Friday 28th October 2016                 Change text size:

How Traffic Accidents Harm the Environment

car accident by John via Flickr

Transportation has a huge impact on the environment. In the United States, there are 253 million active cars and trucks on the roads. Out of those vehicles, the average age of the car is 11.4 years old. Because energy efficient features have only been widely use in the standard vehicle over the last few years, this presents a serious problem for carbon emissions. Older vehicles use more gasoline, which turns into carbon dioxide, which goes into the atmosphere. As vehicles emit carbon into the environment and clog cities, the atmosphere becomes full of smog, resulting in a variety of health, economic, and environmental issues

Though carbon emissions are the largest environmental issue facing the transportation department, it isn’t the only one. Traffic accidents can also have a negative affect on the world around them.

The Human Factor

First and foremost, car accidents greatly affect the lives of those involved. According to the Association for Safe International Road Travel, an average of 1.3 million people die in road crashes every year. That’s an average of 3,287 deaths per day, making it the ninth leading cause of death in the world. An additional 20 to 50 million are injured or disabled from the wreck. These saddening facts have a debilitating effect on the world’s population and ability to thrive.

Financial Costs

There’s also the issue of human costs associated with car accidents. According to research from the U.S. Department of Transportation’s National Highway Traffic Safety Administration report, motor vehicle crashes cost the United States alone almost $1 trillion per year.

Medical bills are incredibly expensive, even for those with insurance. When people can’t pay their bills, the economy takes a hit, since the money must come from somewhere. Usually, a government institution kicks in to pay the bill, throwing the nation into deeper debt. Bills associated with accidents cost the U.S. government a total of $35 billion per year.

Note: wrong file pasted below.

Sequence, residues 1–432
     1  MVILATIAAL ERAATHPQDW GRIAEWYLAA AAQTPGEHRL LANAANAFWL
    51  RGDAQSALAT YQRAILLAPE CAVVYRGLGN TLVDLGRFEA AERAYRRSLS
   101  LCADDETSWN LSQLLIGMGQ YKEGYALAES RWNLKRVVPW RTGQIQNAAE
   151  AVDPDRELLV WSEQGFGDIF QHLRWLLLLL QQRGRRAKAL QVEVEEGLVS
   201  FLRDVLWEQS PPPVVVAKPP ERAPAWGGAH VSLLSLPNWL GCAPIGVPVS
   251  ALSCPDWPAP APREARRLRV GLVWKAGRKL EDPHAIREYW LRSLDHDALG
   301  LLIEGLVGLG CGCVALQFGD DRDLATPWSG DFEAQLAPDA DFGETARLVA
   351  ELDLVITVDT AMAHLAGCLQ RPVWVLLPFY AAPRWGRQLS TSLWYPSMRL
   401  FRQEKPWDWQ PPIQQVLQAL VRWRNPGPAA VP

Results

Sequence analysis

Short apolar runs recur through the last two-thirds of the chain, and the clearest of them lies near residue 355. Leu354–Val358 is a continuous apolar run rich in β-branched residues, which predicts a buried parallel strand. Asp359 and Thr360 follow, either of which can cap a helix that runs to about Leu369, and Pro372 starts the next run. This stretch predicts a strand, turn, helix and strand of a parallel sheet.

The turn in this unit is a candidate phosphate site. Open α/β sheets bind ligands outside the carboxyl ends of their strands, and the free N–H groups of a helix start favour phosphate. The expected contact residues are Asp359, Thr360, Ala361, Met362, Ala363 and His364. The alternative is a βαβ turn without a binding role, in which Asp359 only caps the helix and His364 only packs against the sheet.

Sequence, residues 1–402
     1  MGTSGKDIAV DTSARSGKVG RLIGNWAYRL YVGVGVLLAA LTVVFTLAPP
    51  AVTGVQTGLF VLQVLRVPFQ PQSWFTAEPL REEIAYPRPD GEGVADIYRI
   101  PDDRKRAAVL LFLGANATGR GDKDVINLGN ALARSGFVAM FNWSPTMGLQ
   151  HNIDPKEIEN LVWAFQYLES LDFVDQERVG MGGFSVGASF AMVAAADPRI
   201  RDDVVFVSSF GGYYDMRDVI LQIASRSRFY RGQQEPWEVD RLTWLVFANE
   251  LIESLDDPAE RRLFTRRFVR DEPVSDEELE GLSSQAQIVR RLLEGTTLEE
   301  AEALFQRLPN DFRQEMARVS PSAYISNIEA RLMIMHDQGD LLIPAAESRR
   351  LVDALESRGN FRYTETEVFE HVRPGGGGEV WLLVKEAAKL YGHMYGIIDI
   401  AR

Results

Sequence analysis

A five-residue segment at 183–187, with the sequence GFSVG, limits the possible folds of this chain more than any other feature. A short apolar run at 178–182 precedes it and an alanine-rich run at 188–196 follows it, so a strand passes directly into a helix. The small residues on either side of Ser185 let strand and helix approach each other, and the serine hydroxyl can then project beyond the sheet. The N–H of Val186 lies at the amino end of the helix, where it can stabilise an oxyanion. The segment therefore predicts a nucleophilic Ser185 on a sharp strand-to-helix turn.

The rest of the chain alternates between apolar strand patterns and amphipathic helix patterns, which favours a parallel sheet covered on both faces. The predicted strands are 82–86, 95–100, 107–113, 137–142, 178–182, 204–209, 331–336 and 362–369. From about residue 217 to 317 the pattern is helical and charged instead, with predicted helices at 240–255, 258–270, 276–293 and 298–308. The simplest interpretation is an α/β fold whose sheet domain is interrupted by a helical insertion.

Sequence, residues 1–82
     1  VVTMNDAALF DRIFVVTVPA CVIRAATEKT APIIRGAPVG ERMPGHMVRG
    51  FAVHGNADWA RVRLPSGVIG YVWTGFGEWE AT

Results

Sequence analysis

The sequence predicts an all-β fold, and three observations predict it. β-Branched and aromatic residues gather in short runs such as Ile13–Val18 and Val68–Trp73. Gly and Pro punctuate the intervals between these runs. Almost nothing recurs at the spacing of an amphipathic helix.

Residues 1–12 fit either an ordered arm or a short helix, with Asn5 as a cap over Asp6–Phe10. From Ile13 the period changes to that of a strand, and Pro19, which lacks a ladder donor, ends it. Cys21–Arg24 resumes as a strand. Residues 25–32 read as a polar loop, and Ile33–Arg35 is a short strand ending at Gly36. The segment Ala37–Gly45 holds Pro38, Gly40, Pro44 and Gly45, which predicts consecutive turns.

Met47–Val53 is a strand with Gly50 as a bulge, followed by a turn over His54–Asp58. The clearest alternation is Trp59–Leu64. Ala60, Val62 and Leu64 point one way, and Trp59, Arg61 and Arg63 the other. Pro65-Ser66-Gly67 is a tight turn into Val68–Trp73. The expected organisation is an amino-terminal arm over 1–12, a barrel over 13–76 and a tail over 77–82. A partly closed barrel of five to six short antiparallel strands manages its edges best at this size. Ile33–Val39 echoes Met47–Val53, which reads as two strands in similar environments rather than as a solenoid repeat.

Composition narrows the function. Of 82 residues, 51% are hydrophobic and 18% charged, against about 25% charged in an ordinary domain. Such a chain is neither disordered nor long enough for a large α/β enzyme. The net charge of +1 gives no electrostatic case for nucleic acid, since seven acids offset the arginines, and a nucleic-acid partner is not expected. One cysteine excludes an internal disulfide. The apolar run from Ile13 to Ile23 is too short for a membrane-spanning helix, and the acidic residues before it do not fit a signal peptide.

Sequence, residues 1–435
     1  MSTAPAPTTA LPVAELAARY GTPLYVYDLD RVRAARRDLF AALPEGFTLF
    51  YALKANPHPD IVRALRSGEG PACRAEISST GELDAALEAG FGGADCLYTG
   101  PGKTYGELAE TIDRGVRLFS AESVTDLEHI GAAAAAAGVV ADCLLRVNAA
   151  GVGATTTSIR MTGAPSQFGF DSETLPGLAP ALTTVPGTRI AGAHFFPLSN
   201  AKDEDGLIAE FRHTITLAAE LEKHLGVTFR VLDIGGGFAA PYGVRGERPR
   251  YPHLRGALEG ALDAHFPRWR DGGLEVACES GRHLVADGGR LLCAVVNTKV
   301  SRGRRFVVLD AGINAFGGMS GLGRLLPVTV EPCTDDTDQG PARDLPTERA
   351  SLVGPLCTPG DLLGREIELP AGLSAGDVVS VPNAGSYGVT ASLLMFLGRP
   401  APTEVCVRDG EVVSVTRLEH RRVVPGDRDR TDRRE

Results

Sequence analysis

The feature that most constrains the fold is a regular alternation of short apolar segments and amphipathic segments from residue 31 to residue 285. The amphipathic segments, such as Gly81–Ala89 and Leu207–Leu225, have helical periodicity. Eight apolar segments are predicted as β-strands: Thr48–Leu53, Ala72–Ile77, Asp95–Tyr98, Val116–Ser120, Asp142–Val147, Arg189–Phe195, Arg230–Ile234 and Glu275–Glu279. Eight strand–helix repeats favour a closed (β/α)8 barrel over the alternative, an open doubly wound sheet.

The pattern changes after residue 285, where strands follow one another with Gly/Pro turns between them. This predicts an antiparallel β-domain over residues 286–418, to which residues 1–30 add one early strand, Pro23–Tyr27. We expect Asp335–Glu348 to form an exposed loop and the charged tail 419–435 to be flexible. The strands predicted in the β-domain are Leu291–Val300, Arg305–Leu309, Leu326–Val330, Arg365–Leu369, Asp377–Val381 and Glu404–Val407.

There’s also the cost of hiring lawyers to mitigate wrongful settlements. Authorities do the best they can to determine who’s at fault for an accident, but it’s not a perfect system. When someone feels like they’ve been wrongfully accused of causing an accident, they must hire expensive lawyers to fix the damage.

The Transportation Department report also states that $594 billion every year goes towards “harm from the loss of life and the pain and decreased quality of life due to injuries.” An additional $277 billion goes to the actual cost of the accidents, and billions more go to things like lost productivity at work, property damage, and traffic-related congestion.

Environmental Factors

Car accidents affect the environment too. They often result in gas and fluid leaks, emitting harmful chemicals into the environment that can poison grass and neighboring plants and harm wildlife. Major oil spills from wrecked vehicles are one of the biggest problems with transportation accidents, particularly those that happen near water.

There’s also the issue of landfills. When a car is totaled, most insurance companies determine it’s more economical to replace the vehicle than repair it. Though many car parts can be recycled, most of the vehicle ends up in a landfill where it will take thousands of years for all the pieces to decompose. Many car parts are also left on the side of the road where they can harm animals or plants. The effects on soil, water, and air pollution influence the entire ecosystem.

Automobile accidents are unpleasant no matter you look at them, but it’s important to consider them from an environmental perspective. Recognizing the issue with pollution and vehicle accidents is the first step in developing a system that can reduce these negative factors.

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